Sean Stein Smith
9. A New Niche for Practitioners
Abstract
As decentralized and distributed services and products continue to enter the marketplace, and the disruption that these tools bring are felt throughout the market and by different actors it will also be important for practitioners and organization to obtain the appropriate mindset. There is a phrase used in the accounting profession, but is one that can apply to different subsets and areas of the financial services profession as well; riches are in the niches (McCausland 2000). Generalized services, lower level tasks, and virtually every aspect of workplace activity that can be automated will be automated and this will invariably cause margin compression, fee restructuring, and the importance of generating differentiated services. This is already underway, and the tried and true solutions of investing in more automation while also reducing employee headcount will simply not be sufficient to compete effectively going forward. Organizations are large and sophisticated as BlackRock, Deloitte, and numerous other firms in other industries are currently dealing with these forces with a combination of investment, hiring of different employees, reduction of current headcount, and launching of digital solutions. That is well and good, as well as being absolutely necessary, but a different tactic will be required going forward.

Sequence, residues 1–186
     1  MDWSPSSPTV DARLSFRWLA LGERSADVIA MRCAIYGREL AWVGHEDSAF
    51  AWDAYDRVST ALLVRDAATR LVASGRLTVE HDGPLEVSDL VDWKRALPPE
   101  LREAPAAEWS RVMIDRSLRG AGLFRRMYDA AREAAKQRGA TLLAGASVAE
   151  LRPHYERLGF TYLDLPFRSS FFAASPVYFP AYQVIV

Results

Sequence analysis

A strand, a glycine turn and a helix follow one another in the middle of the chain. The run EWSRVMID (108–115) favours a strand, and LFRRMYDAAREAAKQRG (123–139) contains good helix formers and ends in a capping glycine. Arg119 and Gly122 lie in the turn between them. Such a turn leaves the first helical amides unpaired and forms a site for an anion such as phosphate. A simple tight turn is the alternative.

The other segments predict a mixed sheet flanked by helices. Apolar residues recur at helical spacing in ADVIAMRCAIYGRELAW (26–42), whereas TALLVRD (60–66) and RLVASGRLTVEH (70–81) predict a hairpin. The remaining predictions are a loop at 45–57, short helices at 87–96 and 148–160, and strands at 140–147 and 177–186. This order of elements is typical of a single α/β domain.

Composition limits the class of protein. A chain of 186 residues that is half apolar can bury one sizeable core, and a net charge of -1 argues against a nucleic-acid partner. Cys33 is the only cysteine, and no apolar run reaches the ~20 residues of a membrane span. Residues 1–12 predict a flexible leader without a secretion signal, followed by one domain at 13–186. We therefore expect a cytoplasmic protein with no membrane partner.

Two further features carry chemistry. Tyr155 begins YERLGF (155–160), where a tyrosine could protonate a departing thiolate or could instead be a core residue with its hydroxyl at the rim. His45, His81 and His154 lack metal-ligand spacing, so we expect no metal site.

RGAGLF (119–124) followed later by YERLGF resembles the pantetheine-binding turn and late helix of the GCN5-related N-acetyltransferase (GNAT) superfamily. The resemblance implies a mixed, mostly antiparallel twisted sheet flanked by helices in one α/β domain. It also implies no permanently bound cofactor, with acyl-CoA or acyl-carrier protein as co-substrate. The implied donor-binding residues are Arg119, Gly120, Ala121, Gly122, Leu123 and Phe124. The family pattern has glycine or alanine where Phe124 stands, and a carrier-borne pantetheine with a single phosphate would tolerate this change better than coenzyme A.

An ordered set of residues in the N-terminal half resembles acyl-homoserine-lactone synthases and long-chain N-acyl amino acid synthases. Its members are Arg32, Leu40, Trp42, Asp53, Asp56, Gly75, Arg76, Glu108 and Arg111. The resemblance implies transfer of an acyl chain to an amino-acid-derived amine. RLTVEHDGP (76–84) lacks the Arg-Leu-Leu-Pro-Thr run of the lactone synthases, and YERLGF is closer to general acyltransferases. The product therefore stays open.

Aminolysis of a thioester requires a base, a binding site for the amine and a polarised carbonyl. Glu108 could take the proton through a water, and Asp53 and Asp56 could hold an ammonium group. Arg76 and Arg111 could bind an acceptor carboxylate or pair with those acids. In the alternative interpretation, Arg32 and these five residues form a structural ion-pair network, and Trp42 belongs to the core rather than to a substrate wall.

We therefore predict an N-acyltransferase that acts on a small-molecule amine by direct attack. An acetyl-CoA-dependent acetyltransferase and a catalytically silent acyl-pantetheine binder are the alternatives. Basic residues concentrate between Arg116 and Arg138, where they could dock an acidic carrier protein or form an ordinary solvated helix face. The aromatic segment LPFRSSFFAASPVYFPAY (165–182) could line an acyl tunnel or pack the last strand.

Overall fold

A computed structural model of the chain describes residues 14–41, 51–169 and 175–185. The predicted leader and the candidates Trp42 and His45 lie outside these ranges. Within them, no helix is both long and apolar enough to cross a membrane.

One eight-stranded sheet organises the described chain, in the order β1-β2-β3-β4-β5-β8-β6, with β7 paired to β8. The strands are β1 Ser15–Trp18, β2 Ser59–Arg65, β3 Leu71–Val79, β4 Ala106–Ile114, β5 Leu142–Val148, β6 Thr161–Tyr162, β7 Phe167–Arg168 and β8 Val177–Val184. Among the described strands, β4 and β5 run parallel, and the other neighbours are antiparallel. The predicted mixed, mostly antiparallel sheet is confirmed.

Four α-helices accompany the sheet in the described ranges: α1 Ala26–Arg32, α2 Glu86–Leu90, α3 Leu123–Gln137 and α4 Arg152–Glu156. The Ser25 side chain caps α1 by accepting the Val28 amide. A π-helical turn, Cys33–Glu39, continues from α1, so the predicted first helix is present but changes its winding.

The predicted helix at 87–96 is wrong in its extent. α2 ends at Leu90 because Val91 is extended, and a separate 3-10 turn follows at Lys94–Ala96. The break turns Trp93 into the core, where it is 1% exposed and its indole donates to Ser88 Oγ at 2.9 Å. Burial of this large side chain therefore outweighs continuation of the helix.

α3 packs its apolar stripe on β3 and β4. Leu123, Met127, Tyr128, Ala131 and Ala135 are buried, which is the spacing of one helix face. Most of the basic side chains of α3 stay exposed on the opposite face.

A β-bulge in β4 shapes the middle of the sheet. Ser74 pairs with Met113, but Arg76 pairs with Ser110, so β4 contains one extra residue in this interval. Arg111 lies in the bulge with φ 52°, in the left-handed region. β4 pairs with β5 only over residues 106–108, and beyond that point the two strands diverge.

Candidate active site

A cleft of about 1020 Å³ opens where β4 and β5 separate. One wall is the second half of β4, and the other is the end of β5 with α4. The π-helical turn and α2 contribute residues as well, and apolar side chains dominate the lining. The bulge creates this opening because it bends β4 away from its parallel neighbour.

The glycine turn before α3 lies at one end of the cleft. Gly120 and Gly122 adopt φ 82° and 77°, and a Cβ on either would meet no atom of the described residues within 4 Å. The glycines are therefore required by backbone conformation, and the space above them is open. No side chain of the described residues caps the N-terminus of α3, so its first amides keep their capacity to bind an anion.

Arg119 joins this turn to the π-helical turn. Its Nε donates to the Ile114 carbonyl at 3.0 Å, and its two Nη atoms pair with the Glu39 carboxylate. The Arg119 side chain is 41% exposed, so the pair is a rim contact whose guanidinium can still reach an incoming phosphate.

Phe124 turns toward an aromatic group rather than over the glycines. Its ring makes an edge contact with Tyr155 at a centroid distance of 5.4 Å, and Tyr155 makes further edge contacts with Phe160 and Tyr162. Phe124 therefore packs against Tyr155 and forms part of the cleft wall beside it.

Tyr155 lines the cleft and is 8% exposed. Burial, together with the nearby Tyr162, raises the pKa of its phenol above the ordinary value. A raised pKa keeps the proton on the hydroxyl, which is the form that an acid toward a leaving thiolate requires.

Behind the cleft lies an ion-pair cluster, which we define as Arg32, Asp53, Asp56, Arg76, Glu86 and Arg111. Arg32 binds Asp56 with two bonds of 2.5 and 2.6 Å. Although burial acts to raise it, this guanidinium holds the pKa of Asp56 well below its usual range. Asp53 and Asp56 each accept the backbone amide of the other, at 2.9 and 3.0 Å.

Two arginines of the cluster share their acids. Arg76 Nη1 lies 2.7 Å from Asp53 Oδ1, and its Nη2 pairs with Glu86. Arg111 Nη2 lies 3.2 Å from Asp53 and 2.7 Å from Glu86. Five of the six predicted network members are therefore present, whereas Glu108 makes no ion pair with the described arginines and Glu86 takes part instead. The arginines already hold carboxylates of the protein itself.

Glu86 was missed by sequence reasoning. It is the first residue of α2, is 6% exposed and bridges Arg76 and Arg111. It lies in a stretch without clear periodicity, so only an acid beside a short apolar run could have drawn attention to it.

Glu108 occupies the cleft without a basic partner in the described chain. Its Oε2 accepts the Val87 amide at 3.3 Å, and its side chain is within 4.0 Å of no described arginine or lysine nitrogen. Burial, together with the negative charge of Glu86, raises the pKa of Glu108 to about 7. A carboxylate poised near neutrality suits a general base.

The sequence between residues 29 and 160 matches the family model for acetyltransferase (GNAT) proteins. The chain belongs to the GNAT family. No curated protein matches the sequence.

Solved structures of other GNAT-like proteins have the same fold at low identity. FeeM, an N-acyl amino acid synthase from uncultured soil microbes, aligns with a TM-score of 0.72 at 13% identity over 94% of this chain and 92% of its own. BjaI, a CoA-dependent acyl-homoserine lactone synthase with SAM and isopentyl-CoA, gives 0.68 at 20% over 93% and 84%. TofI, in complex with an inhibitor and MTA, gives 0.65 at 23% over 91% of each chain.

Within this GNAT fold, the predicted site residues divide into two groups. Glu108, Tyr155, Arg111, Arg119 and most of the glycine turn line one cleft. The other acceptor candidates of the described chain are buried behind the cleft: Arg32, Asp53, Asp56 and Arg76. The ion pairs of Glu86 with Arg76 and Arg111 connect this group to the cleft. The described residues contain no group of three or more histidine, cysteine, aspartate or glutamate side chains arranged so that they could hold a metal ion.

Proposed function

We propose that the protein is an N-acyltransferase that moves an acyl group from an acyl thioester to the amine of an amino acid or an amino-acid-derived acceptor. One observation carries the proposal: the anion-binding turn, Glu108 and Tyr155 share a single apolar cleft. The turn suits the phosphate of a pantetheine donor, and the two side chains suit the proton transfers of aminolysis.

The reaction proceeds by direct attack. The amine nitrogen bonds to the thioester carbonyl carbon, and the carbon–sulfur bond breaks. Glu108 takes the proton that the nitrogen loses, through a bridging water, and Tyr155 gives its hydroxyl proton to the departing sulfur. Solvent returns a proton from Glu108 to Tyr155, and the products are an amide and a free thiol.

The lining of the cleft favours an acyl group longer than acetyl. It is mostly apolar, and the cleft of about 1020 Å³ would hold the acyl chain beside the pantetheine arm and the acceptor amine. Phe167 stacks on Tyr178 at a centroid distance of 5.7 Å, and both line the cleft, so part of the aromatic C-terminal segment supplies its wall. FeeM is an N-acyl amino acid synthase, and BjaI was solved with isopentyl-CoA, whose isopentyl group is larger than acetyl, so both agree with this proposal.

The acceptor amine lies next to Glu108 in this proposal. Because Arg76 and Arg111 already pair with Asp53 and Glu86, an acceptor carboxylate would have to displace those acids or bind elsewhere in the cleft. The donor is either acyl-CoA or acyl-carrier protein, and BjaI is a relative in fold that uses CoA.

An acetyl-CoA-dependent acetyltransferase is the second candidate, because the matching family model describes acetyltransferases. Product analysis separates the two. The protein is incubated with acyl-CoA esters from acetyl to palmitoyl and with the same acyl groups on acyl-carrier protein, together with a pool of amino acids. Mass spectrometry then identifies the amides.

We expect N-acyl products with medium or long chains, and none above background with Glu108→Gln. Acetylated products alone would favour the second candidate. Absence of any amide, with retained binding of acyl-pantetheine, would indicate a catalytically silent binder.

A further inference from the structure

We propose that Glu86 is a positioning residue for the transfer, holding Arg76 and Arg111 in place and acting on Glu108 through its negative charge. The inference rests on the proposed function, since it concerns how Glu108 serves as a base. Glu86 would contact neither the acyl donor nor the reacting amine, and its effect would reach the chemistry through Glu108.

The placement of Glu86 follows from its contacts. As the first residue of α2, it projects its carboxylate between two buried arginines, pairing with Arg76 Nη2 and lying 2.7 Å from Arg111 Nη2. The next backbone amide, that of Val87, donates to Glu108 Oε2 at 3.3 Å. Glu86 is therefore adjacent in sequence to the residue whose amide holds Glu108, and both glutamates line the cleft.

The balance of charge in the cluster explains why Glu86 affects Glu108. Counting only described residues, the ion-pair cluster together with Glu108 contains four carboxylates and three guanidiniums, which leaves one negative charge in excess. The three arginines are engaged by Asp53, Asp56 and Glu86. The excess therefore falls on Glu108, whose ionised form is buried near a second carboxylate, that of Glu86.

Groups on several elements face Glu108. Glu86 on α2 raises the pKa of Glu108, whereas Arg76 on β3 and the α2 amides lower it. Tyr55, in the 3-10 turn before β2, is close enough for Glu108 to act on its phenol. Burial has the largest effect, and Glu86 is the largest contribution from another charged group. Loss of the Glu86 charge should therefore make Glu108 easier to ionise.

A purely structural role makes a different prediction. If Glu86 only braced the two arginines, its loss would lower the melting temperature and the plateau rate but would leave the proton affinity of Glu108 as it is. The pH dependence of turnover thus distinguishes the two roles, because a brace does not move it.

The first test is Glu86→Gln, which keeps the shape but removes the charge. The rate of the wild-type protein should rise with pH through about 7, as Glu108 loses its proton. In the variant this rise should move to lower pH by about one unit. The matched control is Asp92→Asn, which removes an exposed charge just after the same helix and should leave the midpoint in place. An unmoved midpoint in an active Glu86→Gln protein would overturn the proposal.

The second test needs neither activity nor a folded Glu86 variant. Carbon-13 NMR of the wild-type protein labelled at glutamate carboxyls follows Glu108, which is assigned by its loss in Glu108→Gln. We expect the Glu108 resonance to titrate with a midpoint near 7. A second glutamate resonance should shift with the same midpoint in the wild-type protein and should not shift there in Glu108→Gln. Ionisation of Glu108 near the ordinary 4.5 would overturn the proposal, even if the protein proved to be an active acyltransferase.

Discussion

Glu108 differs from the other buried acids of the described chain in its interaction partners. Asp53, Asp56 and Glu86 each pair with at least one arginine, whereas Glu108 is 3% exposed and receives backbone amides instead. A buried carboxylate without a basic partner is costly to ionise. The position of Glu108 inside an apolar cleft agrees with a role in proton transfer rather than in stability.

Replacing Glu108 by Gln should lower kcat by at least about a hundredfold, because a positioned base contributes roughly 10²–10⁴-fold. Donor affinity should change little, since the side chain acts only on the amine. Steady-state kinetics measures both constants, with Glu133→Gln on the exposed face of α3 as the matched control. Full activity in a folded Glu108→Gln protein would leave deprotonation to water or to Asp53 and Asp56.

Sean Stein Smith
10. Leveraging Technology to Reduce Ambiguity
Abstract
In most traditional business settings the idea of being comfortable with ambiguity is something that would be appear to be something of a contradiction. Making effective decisions, be it choices linked to investment strategy or audit efficiency, require that the decision makers involved be able to drill down and ascertain exactly which pieces of data are the most important. The simple reality, however, is that as business continues to become more fluid, digitized, and global in nature ambiguity will continue to increase. Especially since it does not look like some of the hard trends – such as changing demographics, political instability, and a rebalancing of how business is conducted on a global basis, will be changing anytime soon, it seems reasonable to expect that the profession will have to evolve in order to keep pace.